Sycamore cookie crack: logistics of using copper bowtie

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Forum topic by coalcracker posted 09-17-2019 06:56 PM 371 views 0 times favorited 4 replies Add to Favorites Watch
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31 posts in 640 days

09-17-2019 06:56 PM

Topic tags/keywords: bowtie slab crack check

I have a dry 5-6” thick Sycamore cookie (my old tree:)), about 30” diameter, that I’d like to make into an end table. There is a radial check/crack about 9” long and 3/4” max at the periphery that I gather (I’m a beginner) I will want to stabilize.

I came across some copper bowties that I’d like to use instead of the classic wood. These are designed to be seen, so I would use one on the top of the table. I’m not sure if the crack is big enough to warrant one of the bottom as well (5” thick slab). I plan to use prefab metal legs so I could span the underside of the crack with one of these

I’m looking for some assistance with planning, particularly with the logical sequence of events. Here are two options I’m considering.


1. Flatten slab with router jig, sand and prep surface and edges of slab
2. Create cutout for bowtie and dry fit
3. Glue in bowtie (polyurethane glue?)
4. Pour epoxy in crack. Will I have any issues cleaning epoxy off the bowtie? I would try to wipe clean before it dries I imagine.
5. After dried, clean up surface with card scraper and/or additional sanding
6. Polyurethane on top (including copper bowtie?)

Option #2

1. Fill cracks with epoxy first
2. Flatten slab with router jig after epoxy hardens, sand and prep surface
3. Create cutout for bowtie (will cutting the epoxy be a problem?)
4. Glue bowtie and clean up glue (maybe an issue)
5. Polyurethane.

Any advice would be much appreciated!

4 replies so far

View wildwoodbybrianjohns's profile


2208 posts in 459 days

#1 posted 09-17-2019 07:18 PM

I am sure there will be others along to give you great advice for your query. I will just say that if you use copper, make sure it is clean(acetone); and use 2-part epoxy to glue it in place. Again, acetone cleans up epoxy well.

If you will fill all checks and such with epoxy, its good practice to do a sealer coat first, and there are many different products you can do so with, ie., shellac, epoxy, sanding sealer, etc., and this way you can eliminate most of the air bubbles that will form in your epoxy pour- if you dont seal the wood first.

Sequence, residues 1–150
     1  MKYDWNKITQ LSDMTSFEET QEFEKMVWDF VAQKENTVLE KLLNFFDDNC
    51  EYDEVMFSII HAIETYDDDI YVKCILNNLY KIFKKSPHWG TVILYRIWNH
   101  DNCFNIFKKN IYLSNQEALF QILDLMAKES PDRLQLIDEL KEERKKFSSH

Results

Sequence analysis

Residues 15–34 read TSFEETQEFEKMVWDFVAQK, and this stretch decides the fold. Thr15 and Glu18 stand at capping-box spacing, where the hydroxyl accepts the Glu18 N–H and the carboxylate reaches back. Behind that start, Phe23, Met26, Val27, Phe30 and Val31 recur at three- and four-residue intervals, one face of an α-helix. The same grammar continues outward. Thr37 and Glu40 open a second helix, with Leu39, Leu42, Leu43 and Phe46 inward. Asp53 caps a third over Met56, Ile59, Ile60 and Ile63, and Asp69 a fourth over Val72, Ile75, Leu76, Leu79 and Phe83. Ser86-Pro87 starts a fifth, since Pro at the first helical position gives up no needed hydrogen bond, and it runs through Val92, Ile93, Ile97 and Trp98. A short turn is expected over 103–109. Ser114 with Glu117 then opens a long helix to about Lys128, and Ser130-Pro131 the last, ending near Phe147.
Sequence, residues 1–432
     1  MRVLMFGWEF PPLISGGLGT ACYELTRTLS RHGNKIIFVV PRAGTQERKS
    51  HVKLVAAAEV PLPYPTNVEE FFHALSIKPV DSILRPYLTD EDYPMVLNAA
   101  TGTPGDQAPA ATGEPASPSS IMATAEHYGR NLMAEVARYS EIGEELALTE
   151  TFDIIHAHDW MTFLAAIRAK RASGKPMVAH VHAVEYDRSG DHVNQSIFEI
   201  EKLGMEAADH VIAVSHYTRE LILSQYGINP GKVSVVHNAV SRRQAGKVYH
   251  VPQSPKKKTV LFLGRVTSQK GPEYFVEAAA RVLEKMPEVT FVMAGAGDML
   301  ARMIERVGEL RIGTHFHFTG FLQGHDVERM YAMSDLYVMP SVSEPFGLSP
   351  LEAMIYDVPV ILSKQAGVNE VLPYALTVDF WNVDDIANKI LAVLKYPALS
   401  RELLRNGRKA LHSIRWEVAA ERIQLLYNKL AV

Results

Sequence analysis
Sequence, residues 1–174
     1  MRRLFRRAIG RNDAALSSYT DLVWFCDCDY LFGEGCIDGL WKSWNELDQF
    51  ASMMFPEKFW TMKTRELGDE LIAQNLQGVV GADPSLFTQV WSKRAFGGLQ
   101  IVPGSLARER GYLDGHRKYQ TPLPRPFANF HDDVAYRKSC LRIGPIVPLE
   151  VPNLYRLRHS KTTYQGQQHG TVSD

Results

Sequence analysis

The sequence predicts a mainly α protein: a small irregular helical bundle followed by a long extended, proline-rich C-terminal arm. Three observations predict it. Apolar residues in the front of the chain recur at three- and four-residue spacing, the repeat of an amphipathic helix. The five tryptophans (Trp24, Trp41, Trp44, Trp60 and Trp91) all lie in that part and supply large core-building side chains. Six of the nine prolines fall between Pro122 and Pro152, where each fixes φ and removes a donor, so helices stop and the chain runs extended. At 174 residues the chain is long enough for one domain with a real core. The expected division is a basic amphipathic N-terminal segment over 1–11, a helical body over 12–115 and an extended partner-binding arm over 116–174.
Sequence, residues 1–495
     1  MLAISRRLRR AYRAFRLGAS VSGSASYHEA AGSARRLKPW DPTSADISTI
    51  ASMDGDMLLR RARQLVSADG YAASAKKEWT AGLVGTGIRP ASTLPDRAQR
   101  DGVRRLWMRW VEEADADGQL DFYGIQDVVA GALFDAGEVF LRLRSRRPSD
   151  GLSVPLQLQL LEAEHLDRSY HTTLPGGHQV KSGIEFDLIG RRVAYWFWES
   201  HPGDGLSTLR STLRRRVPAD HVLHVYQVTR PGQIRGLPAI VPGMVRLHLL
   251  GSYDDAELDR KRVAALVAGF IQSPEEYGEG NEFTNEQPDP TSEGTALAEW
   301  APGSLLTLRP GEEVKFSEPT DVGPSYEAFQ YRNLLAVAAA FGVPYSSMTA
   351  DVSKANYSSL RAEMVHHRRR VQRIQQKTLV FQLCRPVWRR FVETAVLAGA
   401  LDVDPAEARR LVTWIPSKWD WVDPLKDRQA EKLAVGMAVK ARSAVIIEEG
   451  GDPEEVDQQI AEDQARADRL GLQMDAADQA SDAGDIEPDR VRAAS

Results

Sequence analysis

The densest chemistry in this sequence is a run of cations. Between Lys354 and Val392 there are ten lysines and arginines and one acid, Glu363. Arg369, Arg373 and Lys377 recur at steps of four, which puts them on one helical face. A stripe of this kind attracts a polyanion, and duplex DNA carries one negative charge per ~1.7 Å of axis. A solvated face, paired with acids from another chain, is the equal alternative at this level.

-- Wildwood by Brian Johns: The Big Bang: Nothing - exploded into Everything. Thanks to Nothing.

View pottz's profile


12223 posts in 1896 days

#2 posted 09-17-2019 07:41 PM

check out LJ john malecki he has done tables with metal bow ties im sure he’d help you out.

-- working with my hands is a joy,it gives me a sense of fulfillment,somthing so many seek and so few find.-SAM MALOOF.

View coalcracker's profile


31 posts in 640 days

#3 posted 09-17-2019 07:50 PM

check out LJ john malecki he has done tables with metal bow ties im sure he d help you out.

- pottz

Huh, I’m in Pittsburgh too. Small world!

View John Smith's profile

John Smith

2775 posts in 1074 days

#4 posted 09-17-2019 08:12 PM

the copper “could” have issues of green oxidation down the road.

my father placed copper wire in a groove in our kitchen cabinets
years ago. even tho the wire had a lacquer finish and the doors were
varnished which sealed the wire, they still turned the groove green.
this one procedure may require a little more research than the rest of
the things you will be doing in the project.



-- there is no educational alternative to having a front row seat in the School of Hard Knocks. --

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